AGB Stars and Their Circumstellar Envelopes. I. the VULCAN Code

Nanni, Ambra; Cristallo, Sergio; Piersanti, Luciano; Gobrecht, David; Crivellari, Lucio
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The interplay between AGB interiors and their outermost layers, where molecules and dust form, is a problem of high complexity. As a consequence, physical processes like mass loss, which depend on the chemistry of the circumstellar envelope, are often oversimplified. The best candidates to drive mass-loss in AGB stars are dust grains, which trap the outgoing radiation and drag the surrounding gas. Grains build up, however, is far from being completely understood. Our aim is to model both the physics and the chemistry of the cool expanding layers around AGB stars in order to characterize the on-going chemistry, from atoms to dust grains. This has been our rationale to develop ab initio VULCAN, a FORTRAN hydro code able to follow the propagation of shocks in the circumstellar envelopes of AGB stars. The version presented in this paper adopts a perfect gas law and a very simplified treatment of the radiative transfer effects and dust nucleation. In this paper, we present preliminary results obtained with our code.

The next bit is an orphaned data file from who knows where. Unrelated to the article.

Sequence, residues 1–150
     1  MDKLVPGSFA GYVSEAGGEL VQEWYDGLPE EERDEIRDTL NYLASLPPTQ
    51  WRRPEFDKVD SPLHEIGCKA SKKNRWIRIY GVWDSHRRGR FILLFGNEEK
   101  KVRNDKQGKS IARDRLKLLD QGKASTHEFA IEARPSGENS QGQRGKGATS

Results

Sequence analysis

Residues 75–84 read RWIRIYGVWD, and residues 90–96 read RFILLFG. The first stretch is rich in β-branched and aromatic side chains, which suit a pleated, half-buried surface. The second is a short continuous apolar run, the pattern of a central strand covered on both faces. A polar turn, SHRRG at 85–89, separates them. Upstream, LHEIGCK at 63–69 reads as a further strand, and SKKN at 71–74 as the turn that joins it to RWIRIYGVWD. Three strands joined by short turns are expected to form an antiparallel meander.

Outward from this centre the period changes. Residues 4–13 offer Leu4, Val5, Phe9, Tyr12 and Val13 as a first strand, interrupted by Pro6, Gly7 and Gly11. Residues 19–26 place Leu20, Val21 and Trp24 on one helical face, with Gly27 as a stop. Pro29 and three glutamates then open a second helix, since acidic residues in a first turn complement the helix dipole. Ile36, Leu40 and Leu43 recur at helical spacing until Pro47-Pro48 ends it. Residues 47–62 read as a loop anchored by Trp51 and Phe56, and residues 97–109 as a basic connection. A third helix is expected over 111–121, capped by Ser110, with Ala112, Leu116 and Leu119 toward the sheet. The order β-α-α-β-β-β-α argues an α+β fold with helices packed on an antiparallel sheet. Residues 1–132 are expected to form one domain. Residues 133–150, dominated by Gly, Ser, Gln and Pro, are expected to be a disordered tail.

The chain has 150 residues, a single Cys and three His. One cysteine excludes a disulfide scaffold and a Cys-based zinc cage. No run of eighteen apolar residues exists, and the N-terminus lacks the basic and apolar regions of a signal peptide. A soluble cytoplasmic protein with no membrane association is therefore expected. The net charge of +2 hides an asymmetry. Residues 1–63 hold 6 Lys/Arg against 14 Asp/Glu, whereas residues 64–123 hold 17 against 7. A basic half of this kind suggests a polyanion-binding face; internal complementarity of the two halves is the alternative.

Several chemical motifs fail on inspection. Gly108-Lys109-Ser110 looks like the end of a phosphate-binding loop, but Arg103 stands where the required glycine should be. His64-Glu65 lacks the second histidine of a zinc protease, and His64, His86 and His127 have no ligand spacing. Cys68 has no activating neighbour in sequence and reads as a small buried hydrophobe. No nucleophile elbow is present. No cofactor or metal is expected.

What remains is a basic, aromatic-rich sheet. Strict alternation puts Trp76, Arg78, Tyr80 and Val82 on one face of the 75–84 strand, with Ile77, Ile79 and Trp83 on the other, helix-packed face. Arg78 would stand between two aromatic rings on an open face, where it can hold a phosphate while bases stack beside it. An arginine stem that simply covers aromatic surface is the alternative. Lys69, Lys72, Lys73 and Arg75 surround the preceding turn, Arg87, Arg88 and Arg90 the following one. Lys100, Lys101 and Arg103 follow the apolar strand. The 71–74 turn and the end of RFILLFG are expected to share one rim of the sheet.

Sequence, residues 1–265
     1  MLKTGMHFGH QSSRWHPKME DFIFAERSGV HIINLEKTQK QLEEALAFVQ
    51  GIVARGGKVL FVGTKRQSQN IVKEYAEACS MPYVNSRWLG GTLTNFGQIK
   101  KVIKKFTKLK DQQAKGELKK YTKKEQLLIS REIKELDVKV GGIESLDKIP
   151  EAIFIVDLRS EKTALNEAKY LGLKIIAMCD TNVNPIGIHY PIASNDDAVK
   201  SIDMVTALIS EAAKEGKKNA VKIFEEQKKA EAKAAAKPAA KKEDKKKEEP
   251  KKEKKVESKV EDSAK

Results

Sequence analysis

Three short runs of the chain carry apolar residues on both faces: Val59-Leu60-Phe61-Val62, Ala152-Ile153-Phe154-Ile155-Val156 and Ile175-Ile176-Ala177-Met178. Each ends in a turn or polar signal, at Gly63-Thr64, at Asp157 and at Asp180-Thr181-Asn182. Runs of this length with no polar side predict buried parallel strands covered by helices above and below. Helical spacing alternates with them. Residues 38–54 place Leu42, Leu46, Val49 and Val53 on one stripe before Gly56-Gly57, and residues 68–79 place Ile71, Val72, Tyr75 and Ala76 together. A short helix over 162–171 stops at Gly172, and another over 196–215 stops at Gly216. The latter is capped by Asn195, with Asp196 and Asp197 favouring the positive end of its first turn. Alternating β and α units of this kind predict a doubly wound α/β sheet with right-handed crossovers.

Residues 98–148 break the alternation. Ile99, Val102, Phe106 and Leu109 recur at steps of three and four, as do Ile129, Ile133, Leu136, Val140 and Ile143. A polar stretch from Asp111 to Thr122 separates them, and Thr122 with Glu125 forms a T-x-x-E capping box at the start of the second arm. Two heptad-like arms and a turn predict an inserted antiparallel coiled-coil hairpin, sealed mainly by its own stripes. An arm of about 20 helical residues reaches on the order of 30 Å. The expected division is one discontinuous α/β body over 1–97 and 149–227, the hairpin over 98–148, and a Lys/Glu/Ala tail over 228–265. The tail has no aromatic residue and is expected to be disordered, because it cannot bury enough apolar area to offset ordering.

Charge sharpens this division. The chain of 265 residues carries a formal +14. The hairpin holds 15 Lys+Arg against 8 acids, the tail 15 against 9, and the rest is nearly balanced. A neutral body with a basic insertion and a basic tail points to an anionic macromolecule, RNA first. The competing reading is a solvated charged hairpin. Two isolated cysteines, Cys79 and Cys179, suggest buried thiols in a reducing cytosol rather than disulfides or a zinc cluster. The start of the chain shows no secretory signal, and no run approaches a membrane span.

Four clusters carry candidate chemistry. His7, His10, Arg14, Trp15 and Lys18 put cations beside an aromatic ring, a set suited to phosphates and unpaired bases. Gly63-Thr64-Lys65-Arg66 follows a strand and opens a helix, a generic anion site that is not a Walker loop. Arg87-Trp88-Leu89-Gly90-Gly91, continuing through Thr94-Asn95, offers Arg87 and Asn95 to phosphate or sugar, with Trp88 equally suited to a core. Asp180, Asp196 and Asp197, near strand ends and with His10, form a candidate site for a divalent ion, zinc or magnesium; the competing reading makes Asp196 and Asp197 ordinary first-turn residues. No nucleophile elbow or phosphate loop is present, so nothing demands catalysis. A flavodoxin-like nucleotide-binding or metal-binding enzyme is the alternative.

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Nucleosynthesis and molecular processes in the late stages of Stellar Evolution

Low- to intermediate-mass (M < 8 solar masses, Ms) stars represent the majority of stars in the Cosmos. They finish their lives on the Asymptotic Giant Branch (AGB) - just before they form planetary nebulae (PNe) - where they experience complex nucleosynthetic and molecular processes. AGB stars are important contributors to the enrichment of the

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